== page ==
Director – Robert Zemeckis, Screenplay – David Koepp & Martin Donovan, Producers – Steve Starkey & Robert Zemeckis, Photography – Dean Cundey, Music – Alan Silvestri, Visual Effects – Industrial Light and Magic (Supervisor – Ken Ralston), Special Effects Supervisor – Michael Lantieri, Makeup Design – Dick Smith, Makeup Effects Supervisor – Kevin Haney, Body Effects Design/Creation – Alec Gillis & Tom Woodruff Jr, Production Design – Rick Carter. Production Company – Universal
Meryl Streep (Madeleine Ashton), Goldie Hawn (Helen Sharp), Bruce Willis (Dr Ernest Menville), Isabella Rossellini (Lisle von Rhumans)
Ever since they were children, Hollywood star Madeleine Ashton and novelist Helen Sharp have had an intense rivalry, largely due to Madeleine having stolen all of Helen’s boyfriends. As Madeleine nears her 50th birthday, she begins to feel that she is over the hill. She is then invited to join a secret group that offers an immortality/rejuvenation serum. Taking the serum, Madeleine finds her aging reversed and that she is looking young again. However, Helen has also taken the serum and this becomes a means for the two of them to renew their rivalry. As the two fight, the serum allows their bodies to sustain massive damage without killing either of them.
Death Becomes Her is a black comedy that is scathing of Hollywood, or more so of the Beverly Hills lifestyle and of the celebrity obsession with age and beauty. The stars involved give a series of amazingly self-effacing performances – cocky he-man action star Bruce Willis, for instance, plays minus toupee in a cowardly and unflattering role that is at opposite extremes of the type of performances he was known for up to that point.
Most unflattering of all is the performance from Meryl Streep. Streep, darling of the Awards committees she is and all, tends to fall disastrously flat on her face whenever she attempts comedy – witness the abomination made of Fay Weldon’s She-Devil (1989). Here director Robert Zemeckis succeeds extremely well in tying her performance to the material and she gives a deliberately vain and unattractive performance that digs at youth and collagen treatment-obsessed celebrities with a particularly scathing regard. Goldie Hawn is well matched against Streep – she has a scene in a red dress seducing Bruce Willis that really makes one sit up in their seats and take notice. She and Streep have considerable fun upstaging one another in a mutual battle of bitcheries. Although the show is stolen from under them by Isabella Rossellini in a minor role. Playing with a clipped Teutonic harshness and an OTT excess that belongs in silent films – in fact, her performance reminds somewhat of Rotwang in Metropolis (1927) – and draped variously only in a single strip of silk around her neck or a necklace and a series of coy camera angles, Rossellini captures attention completely whenever she is on screen.
The film itself though is considerably more uneven. It was made by director Robert Zemeckis just after his big successes of Back to the Future (1985) and sequels and Who Framed Roger Rabbit? (1988), but received a middling reception both critically and from the public. Sometimes Zemeckis’s black farce hits the nail bang on the head, but other times – the scenes at the hospital and especially the climax with Bruce Willis hanging from a drainpipe on the roof – it feels overblown. The party scene with throwaway cameos, showing Elvis, Marilyn Monroe, Jim Morrison, Andy Warhol and James Dean to be rejuvenates, is amusing but fails to hit the note it should.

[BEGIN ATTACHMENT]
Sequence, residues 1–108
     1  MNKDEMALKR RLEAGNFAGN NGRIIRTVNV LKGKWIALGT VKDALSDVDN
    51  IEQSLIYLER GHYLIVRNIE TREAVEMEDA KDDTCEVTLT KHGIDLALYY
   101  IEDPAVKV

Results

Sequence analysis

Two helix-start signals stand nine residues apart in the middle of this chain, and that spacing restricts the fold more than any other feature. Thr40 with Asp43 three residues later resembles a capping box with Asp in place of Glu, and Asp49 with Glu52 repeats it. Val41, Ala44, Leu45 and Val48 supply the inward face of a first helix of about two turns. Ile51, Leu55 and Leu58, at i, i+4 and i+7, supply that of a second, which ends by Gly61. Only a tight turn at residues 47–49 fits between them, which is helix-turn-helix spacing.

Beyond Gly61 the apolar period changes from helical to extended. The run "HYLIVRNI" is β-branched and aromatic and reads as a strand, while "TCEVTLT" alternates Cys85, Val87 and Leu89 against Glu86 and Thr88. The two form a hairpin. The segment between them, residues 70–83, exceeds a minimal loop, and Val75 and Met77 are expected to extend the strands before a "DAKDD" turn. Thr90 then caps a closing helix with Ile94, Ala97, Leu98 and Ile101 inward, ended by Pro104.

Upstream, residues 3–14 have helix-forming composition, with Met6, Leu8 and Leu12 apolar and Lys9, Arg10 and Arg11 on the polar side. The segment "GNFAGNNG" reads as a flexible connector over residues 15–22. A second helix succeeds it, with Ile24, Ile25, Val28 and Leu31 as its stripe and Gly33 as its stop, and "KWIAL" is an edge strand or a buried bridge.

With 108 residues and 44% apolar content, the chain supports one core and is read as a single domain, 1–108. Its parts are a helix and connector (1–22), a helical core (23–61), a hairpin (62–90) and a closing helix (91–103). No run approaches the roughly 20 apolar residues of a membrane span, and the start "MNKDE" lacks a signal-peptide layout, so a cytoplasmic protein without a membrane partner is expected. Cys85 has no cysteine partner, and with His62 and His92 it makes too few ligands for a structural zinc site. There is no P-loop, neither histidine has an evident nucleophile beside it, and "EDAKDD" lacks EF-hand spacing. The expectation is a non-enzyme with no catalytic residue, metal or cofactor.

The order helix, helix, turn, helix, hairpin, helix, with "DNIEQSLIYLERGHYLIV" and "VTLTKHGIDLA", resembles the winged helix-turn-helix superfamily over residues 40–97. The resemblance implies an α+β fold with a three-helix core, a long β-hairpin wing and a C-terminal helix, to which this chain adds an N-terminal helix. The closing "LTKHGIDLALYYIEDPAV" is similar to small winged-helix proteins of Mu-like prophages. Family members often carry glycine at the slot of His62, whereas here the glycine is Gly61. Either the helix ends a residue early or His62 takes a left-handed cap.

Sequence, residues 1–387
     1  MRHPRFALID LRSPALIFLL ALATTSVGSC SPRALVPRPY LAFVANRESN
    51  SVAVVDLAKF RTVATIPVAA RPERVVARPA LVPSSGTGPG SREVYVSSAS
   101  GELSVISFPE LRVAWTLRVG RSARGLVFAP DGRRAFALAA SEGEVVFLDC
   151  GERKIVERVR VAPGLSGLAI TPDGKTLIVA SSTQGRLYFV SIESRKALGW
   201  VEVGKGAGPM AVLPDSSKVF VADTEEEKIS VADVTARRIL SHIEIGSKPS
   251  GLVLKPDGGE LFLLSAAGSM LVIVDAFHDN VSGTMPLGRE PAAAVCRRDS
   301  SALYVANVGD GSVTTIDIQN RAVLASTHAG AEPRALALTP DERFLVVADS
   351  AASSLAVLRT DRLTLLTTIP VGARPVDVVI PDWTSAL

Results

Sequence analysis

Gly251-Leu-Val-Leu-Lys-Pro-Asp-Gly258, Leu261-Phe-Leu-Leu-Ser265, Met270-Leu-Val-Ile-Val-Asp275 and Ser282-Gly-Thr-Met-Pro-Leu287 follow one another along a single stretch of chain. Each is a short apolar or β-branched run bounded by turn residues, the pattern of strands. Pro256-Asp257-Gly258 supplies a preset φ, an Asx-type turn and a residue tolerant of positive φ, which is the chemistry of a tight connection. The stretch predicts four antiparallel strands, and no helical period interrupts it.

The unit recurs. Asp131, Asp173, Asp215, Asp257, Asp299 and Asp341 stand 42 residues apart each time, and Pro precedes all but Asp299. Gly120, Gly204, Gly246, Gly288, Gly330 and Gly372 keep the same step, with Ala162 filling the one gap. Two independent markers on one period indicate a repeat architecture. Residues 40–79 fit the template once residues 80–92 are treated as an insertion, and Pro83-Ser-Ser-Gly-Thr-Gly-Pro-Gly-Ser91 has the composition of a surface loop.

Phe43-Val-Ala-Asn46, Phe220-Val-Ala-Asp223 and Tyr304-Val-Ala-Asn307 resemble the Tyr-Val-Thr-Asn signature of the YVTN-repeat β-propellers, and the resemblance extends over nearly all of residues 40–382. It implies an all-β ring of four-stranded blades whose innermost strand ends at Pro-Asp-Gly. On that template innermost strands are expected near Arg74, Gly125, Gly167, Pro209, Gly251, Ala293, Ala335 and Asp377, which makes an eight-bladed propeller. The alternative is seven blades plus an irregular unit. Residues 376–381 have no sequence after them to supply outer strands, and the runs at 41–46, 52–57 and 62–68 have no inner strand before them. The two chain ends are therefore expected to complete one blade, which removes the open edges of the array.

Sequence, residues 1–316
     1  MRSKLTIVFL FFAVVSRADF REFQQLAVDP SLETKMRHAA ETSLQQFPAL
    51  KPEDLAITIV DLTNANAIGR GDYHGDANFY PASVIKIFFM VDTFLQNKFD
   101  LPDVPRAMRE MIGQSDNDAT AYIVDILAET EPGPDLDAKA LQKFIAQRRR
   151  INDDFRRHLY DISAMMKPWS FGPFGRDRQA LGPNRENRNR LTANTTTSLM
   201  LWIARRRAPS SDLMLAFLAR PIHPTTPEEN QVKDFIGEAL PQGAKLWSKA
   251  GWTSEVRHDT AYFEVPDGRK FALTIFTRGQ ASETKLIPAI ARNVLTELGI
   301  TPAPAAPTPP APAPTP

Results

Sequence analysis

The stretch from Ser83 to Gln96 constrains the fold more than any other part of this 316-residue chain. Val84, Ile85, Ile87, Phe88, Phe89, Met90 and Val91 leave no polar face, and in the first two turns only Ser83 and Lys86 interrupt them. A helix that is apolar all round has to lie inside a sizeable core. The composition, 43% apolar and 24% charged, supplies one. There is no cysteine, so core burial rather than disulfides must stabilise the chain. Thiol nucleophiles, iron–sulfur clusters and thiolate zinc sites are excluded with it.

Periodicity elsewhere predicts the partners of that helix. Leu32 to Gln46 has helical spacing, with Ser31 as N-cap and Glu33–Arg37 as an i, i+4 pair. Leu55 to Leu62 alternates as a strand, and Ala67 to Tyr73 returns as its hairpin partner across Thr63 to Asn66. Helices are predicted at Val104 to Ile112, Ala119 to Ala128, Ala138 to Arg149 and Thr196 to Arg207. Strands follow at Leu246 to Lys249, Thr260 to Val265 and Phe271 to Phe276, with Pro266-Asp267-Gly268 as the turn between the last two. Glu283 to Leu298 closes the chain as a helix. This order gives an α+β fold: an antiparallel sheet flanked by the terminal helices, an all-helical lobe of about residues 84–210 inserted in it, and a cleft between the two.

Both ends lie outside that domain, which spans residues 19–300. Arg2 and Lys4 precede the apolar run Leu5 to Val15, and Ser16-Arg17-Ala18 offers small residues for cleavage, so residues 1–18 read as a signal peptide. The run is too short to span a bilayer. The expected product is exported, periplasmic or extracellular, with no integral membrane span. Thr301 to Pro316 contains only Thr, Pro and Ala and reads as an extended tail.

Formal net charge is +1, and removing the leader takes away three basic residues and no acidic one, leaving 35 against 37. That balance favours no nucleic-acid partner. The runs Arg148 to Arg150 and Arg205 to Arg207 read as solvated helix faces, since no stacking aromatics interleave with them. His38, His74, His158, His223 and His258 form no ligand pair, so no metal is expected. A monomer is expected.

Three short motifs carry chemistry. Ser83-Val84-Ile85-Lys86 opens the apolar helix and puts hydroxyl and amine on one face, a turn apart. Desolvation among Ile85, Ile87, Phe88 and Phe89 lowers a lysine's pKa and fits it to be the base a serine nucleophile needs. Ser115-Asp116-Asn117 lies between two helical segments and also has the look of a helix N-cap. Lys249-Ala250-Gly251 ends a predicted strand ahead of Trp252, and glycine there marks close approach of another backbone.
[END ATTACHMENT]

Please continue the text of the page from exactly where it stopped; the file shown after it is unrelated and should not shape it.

Robert Zemeckis loves to make films that showcase the cutting edge of effects technology – the blend of live-action and animation in Roger Rabbit, the digital mingling of actors with the real world news footage in Forrest Gump (1994) and Contact (1997), the feature-length usage of motion-capture animation in The Polar Express (2004), Beowulf (2007) and A Christmas Carol (2009). The special effects sequence here are outstanding, with Zemeckis using CGI to allow Meryl Streep to walk about with her head on backwards and to add several hundred pounds weight to Goldie Hawn and show her walking about with a gaping hole through her chest.
Robert Zemeckis’s other films as director include Romancing the Stone (1984), Back to the Future (1985), Who Framed Roger Rabbit? (1988), Back to the Future Part II (1989), Back to the Future Part III (1990), Forrest Gump (1994), Contact (1997), What Lies Beneath (2000), Cast Away (2000), The Polar Express (2004), Beowulf (2007), A Christmas Carol (2009), Flight (2012), The Walk (2015) and Allied (2016). Zemeckis has also produced a large number of other genre films including the Tales from the Crypt (1989-96) cable tv horror anthology series, the two film spinoffs Tales from the Crypt Presents Demon Knight (1995) and Tales from the Crypt Presents Bordello of Blood (1996), Peter Jackson’s The Frighteners (1996), the computer-animated Monster House (2006) and Mars Needs Moms (2011), and Real Steel (2011). Zemeckis is also a producing partner in Dark Castle Entertainment, which have made a number of horror films including House on Haunted Hill (1999), Thir13een Ghosts (2001), Ghost Ship (2002), Gothika (2003), House of Wax (2005) and The Reaping (2007).